# Math Help - Definite Integral

1. ## Definite Integral

Find $\displaystyle \int_{-1}^{1}\frac{\sqrt{\sqrt{15}-2x}x\sqrt{\sqrt{15}+2x}}{\sqrt{2-x}\sqrt{2+x}(4-x^2)^2}$.

2. Is that what you are looking for?

$\displaystyle \int_{-1}^{1}\frac{\sqrt{\sqrt{15}-2x}\times \sqrt{\sqrt{15}+2x}}{\sqrt{(2-x)(2+x)}(4-x^2)^2}\ dx$

I only simplified the brackets and replace an 'x' by 'times', and simplified the denominator a little and added dx.

As you can see, the denominator and numerator can be further simplified.

$\displaystyle \int_{-1}^{1}\frac{\sqrt{(\sqrt{15}-2x)(\sqrt{15}+2x)}}{\sqrt{4 - x^2}(4-x^2)^2}\ dx$

$\displaystyle \int_{-1}^{1}\frac{\sqrt{15 - 4x^2}}{\sqrt{4 - x^2}(4-x^2)^2}\ dx$

Can you continue now?

EDIT: Since the 'x' is an actual x, this becomes:

$\displaystyle \int_{-1}^{1}\frac{x\sqrt{15 - 4x^2}}{\sqrt{4 - x^2}(4-x^2)^2}\ dx$

3. $\displaystyle \int_{-1}^{1}\frac{\sqrt{\sqrt{15}-2x}x\sqrt{\sqrt{15}+2x}}{\sqrt{2-x}\sqrt{2+x}(4-x^2)^2}\,dx=\int_{-1}^{1}\frac{\sqrt{15-4x^{2}}x}{\sqrt{4-x^{2}}(4-x^2)^{2}}\,dx=\int_{-1}^{1}\frac{\sqrt{15-4x^{2}}x}{(4-x^2)^{5/2}}\,dx.$

Do you notice anything about the integrand?

4. @Unknown - It was an actual $x$. I'm sorry I should have made it clear.
Originally Posted by Ackbeet
$\displaystyle \int_{-1}^{1}\frac{\sqrt{\sqrt{15}-2x}x\sqrt{\sqrt{15}+2x}}{\sqrt{2-x}\sqrt{2+x}(4-x^2)^2}\,dx=\int_{-1}^{1}\frac{\sqrt{15-4x^{2}}x}{\sqrt{4-x^{2}}(4-x^2)^{2}}\,dx=\int_{-1}^{1}\frac{\sqrt{15-4x^{2}}x}{(4-x^2)^{5/2}}\,dx.$

Do you notice anything about the integrand?
Looks reasonable now. I'll try to take it from there.

5. You should be able to write the answer down right now, with no further computation.

6. Ok, it just seemed strange that you'd have an x in the middle like that =P

7. Originally Posted by Ackbeet
You should be able to write the answer down right now, with no further computation.
You mean I don't need to find the antiderivative? That would be amazing, but I'm not sure how to do it. Is it to do with the domains of $\sqrt{15-4x^2}$ and $\sqrt{(4-x^2)^5}$?

8. You mean I don't need to find the antiderivative?
Not in this case. That's because the integrand plus your particular limits have a certain property that allows you to use a fantastic shortcut. What happens to the integrand if you replace x with -x?

9. Originally Posted by Ackbeet
Not in this case. That's because the integrand plus your particular limits have a certain property that allows you to use a fantastic shortcut. What happens to the integrand if you replace x with -x?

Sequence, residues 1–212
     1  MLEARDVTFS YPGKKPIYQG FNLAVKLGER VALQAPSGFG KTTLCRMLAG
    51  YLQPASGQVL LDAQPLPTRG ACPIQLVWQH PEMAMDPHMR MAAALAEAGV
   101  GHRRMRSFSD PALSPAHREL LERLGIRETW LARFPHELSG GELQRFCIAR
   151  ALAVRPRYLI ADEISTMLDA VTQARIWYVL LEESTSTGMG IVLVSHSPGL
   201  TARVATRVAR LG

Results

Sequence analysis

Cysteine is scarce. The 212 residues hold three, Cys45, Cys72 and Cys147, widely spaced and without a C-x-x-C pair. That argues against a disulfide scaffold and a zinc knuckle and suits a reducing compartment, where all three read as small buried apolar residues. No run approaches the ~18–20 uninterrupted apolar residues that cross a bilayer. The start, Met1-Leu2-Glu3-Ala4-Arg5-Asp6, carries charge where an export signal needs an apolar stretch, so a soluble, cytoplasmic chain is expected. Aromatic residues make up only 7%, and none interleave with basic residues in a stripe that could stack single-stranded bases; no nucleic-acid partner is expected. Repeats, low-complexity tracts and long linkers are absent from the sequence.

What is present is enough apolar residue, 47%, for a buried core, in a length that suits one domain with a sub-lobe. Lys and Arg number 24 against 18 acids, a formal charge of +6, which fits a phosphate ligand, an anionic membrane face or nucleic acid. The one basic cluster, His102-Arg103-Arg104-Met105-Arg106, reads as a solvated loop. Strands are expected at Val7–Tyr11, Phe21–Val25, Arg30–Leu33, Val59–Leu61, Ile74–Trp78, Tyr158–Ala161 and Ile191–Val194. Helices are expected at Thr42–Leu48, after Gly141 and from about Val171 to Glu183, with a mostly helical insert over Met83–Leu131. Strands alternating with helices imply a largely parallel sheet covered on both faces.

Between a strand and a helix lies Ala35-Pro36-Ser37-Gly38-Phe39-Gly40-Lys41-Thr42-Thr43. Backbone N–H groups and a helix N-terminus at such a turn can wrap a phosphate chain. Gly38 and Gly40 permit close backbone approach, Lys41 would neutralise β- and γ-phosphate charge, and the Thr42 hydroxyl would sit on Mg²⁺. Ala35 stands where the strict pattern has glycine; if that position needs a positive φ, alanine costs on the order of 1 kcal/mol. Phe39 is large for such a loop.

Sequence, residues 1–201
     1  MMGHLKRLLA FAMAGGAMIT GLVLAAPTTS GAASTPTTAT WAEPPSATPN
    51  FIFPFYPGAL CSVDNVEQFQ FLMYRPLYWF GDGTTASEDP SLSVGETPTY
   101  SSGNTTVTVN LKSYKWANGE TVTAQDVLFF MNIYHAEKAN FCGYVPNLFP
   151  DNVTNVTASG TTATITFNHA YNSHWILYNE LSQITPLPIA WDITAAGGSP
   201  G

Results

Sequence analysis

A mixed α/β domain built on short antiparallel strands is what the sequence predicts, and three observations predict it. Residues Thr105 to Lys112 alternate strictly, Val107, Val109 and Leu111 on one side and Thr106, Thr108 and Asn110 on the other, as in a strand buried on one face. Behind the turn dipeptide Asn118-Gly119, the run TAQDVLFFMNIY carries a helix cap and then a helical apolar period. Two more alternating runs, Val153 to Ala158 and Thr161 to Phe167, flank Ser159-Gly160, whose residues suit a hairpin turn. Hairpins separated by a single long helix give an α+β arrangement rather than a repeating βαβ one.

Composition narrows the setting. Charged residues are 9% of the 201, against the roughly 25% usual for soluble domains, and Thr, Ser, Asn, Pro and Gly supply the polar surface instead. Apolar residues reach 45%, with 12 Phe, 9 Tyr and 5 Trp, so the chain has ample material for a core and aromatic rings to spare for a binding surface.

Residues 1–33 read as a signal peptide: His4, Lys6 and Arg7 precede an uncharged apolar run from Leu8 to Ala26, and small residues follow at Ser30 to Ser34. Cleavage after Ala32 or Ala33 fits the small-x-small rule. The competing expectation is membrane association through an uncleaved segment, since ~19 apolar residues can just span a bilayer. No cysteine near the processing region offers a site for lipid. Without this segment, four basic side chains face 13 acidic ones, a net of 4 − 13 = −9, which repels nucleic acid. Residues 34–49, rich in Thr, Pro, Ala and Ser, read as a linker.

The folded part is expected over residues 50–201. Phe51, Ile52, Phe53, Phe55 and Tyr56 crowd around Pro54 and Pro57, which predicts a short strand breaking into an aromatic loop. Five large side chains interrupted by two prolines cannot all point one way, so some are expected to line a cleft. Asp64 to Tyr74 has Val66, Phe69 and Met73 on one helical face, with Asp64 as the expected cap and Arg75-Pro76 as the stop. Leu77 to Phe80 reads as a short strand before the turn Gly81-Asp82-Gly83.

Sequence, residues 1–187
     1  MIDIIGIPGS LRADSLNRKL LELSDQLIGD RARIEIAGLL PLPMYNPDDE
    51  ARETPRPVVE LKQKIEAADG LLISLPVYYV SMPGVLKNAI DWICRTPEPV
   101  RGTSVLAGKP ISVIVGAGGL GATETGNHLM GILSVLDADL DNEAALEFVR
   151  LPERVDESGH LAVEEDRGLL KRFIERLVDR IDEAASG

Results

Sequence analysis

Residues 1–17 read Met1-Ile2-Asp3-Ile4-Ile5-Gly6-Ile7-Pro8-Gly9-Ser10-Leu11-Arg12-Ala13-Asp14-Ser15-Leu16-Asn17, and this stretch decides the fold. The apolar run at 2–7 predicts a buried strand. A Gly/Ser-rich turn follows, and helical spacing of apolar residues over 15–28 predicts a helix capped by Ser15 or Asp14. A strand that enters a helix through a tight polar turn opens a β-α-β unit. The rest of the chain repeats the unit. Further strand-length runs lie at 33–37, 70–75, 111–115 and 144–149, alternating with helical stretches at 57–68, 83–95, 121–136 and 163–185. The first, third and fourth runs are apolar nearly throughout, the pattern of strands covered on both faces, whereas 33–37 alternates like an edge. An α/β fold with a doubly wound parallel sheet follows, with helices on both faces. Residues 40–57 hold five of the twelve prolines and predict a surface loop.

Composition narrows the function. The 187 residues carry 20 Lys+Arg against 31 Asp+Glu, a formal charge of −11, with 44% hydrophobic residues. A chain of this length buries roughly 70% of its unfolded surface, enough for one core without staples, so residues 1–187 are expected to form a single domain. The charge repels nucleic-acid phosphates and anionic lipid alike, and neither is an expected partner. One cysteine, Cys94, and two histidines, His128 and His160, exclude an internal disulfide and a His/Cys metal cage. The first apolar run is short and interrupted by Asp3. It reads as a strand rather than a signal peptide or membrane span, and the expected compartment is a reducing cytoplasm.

Limits flip and the sign changes - i.e. we get $\displaystyle -\int_{1}^{-1}\frac{\sqrt{15-4x^{2}}x}{(4-x^2)^{5/2}}\,dx.
$

10. Actually, the limits flip, but the overall sign does NOT change. That's because you get one minus sign for the differential, and one minus sign for the lone x in the numerator. So you get

$\displaystyle \int_{-1}^{1}\frac{\sqrt{15-4x^{2}}x}{(4-x^2)^{5/2}}\,dx=\int_{1}^{-1}\frac{\sqrt{15-4x^{2}}x}{(4-x^2)^{5/2}}\,dx.$

Now, what happens when you flip the right integral's limits back to what they are on the LHS?

11. You are right. I forgot to account for the minus from the differential.
Originally Posted by Ackbeet
Now, what happens when you flip the right integral's limits back to what they are on the LHS?
The integral on the right is

$\int_{1}^{-1}\frac{\sqrt{15-4x^{2}}x}{(4-x^2)^{5/2}}\,dx$

Flipping the limits to what they were

$\int_{-1}^{1}\frac{\sqrt{15-4x^{2}}x}{(4-x^2)^{5/2}}\,dx$

I get the integral in the left.

12. No, no. What usually happens when you flip limits? (Scroll down the link to just below the Conventions section).

13. Originally Posted by Ackbeet
No, no. What usually happens when you flip limits? (Scroll down the link to just below the Conventions section).
Oh, I knew I was missing something.

So $\int_{1}^{-1}\frac{\sqrt{15-4x^{2}}x}{(4-x^2)^{5/2}}\,dx = -\int_{-1}^{1}\frac{\sqrt{15-4x^{2}}x}{(4-x^2)^{5/2}}\,dx$

So $\int_{-1}^{1}\frac{\sqrt{15-4x^{2}}x}{(4-x^2)^{5/2}}\,dx = -\int_{-1}^{1}\frac{\sqrt{15-4x^{2}}x}{(4-x^2)^{5/2}}\,dx$

14. So, if y = -y, what is y?

15. Originally Posted by Ackbeet
So, if y = -y, what is y?
$0$

That's it?

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